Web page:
In challenging economic times, you need your best employees to stay on the job, keeping customers coming back for more pizza. Unfortunately, that’s a tough order when you consider the low employee retention rate in the restaurant business.
One way to keep your star employees at your pizzeria longer is to get them excited about their career future. This can be accomplished by establishing a mentor program that matches seasoned workers with promising new-hires.
“There’s more to running a restaurant than cooking food and serving guests. Nearly anyone can take an order, but to really excel in this industry, workers need to learn the finer points of customer service and running a business. Sometimes, the only way for an employee to learn that is to watch somebody else as part of a mentoring program,” says Matthew Kaufman of Q-Principle, an Atlanta, Georgia-based consulting company that specializes in customer service leadership.
“Mentoring programs help employees understand why and how things are done at your restaurant, and how it all translates to profitability,” says Gayle Gregory, a Portland, Oregon workplace consultant. “When employees have mentors, they gain a sense of ownership.
They’re more likely to show up on time, are ready to do good work, and are eager to be a part of a team that cares about the total customer experience.” Sound enticing? Here are some ways to effectively establish a mentoring program at your pizzeria.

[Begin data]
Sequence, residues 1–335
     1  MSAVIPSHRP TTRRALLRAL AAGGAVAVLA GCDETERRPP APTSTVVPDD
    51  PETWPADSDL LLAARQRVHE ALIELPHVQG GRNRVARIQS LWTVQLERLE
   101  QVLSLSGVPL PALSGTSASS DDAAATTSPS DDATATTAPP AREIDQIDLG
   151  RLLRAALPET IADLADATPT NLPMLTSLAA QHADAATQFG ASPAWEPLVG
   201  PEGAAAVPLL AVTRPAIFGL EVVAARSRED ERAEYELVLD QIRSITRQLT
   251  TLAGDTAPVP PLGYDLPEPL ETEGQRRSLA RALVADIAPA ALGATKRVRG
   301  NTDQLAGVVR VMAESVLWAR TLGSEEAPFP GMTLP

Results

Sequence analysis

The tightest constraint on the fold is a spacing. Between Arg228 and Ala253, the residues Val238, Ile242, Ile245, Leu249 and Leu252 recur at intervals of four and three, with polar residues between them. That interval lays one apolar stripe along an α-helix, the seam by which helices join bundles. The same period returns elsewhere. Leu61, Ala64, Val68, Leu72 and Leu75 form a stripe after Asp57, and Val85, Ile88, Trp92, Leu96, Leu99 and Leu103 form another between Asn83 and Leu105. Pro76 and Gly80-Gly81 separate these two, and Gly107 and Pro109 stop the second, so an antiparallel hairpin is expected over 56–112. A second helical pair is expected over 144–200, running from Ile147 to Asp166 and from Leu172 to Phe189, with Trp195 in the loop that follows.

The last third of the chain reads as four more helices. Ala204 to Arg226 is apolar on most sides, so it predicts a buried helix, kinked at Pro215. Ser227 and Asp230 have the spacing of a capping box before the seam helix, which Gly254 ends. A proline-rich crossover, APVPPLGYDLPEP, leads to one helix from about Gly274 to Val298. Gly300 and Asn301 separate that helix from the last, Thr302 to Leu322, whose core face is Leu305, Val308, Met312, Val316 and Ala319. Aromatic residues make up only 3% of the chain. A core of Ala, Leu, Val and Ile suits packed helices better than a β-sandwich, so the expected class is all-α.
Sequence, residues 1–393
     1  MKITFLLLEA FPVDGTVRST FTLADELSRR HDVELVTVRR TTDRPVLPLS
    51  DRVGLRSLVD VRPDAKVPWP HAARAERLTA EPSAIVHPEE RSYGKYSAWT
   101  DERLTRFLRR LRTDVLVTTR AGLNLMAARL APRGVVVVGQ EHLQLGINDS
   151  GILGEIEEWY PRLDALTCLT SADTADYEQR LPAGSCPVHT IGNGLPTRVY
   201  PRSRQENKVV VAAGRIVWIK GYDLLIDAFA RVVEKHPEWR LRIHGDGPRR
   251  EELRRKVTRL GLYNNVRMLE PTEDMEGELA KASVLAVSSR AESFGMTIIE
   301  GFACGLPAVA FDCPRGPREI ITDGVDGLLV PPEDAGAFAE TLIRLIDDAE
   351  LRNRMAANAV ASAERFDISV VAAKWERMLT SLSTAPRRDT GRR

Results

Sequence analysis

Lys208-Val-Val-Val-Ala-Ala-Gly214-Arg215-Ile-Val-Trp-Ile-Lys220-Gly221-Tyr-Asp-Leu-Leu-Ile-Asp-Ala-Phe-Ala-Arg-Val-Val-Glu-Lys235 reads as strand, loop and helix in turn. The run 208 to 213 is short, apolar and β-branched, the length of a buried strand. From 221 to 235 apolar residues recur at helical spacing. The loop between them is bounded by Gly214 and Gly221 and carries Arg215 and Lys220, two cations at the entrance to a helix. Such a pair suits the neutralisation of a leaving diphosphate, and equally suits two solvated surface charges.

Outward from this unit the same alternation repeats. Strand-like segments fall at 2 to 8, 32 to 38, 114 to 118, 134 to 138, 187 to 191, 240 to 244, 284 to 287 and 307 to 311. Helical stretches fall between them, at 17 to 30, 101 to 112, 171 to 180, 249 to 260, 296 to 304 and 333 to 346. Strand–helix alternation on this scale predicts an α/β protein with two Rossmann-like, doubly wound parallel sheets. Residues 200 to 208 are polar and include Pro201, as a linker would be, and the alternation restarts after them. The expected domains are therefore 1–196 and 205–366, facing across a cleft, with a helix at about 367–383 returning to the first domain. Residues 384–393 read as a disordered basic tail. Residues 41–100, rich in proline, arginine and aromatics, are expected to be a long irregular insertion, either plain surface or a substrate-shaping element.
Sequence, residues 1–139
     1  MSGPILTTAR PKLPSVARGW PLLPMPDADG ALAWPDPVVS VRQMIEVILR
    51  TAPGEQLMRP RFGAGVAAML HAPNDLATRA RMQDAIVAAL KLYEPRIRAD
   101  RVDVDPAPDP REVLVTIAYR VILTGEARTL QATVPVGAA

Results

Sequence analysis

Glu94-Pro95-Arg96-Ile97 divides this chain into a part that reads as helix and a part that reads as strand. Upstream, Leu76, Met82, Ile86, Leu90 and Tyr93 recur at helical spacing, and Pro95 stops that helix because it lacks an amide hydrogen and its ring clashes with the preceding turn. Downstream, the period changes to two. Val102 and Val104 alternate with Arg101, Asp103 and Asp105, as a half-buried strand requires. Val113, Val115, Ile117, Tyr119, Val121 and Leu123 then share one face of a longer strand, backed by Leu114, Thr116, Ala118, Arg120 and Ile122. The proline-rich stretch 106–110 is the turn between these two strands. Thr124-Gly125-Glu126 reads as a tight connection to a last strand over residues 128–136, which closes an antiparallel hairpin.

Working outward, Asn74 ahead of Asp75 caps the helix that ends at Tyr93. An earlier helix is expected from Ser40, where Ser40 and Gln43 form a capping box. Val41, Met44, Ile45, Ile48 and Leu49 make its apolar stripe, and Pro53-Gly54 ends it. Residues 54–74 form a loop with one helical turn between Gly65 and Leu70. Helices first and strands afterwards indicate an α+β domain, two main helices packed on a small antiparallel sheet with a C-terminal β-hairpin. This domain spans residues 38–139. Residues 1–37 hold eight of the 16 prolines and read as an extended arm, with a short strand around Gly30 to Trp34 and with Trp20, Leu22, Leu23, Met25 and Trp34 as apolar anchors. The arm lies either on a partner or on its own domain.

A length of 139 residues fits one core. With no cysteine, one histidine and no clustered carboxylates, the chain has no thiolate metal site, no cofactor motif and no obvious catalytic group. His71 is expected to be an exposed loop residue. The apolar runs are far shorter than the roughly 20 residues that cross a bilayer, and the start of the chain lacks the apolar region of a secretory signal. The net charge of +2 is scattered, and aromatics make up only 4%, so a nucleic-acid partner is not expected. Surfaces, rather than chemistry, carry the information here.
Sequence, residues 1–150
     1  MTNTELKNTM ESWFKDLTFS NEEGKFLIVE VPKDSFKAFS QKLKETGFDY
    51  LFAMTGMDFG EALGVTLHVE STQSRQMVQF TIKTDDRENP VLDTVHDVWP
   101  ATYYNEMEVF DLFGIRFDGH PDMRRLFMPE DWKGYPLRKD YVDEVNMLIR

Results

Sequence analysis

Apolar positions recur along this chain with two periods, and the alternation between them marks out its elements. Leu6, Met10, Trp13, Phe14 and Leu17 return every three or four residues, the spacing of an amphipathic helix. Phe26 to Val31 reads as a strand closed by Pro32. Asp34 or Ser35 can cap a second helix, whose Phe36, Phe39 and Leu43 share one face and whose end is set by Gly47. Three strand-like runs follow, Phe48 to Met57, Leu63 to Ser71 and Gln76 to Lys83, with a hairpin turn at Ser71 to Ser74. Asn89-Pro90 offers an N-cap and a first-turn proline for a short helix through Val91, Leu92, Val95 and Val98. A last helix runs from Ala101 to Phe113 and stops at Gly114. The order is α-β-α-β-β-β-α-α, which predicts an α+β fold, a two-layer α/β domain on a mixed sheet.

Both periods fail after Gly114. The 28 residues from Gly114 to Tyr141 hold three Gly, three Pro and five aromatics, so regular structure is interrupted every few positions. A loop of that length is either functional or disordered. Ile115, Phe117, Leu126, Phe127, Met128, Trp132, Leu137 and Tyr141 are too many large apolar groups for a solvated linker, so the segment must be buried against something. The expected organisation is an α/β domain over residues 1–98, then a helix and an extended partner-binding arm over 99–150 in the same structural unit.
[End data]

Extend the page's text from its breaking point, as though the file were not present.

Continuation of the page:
First, set expectations before you start. Talk to your workers about what they hope to learn and accomplish with mentoring. “It’s important to establish employee needs upfront, so you can make sure you are both getting what you want out of the deal,” says Kaufman. “Hopefully, they’re gaining know-how and the ability to do their job, and you’re gaining a loyal employee who’s helping to make your pizzeria a better place.”
Communicate whether or not you’ll launch a formal, established mentoring program with set meeting times, or an informal, open-door type relationship. Either way can work, says Kaufman, as long as they match the personalities of everyone involved. “A mentor program should be in keeping with how the rest of the business operates. If you have a small restaurant with a very relaxed atmosphere, it’s probably best for the training program to be relaxed,” he says.
When setting expectations, consider the health of your company. If business is on an upswing, share that information. Employees may have the opportunity to work more hours and make more money if they learn the ropes in a mentoring program. But if sales are down and you think there’s a chance you might have to lay off some people in the near future, consider restricting the mentor program to only a few of your most promising workers.
Also, consider pairing top level talent with new-hires. Veteran/newhire pairings generally mean that the new worker watches the expert do job-related tasks. Then, the new worker begins to perform those tasks, gradually improving until they’re able to do the work independently.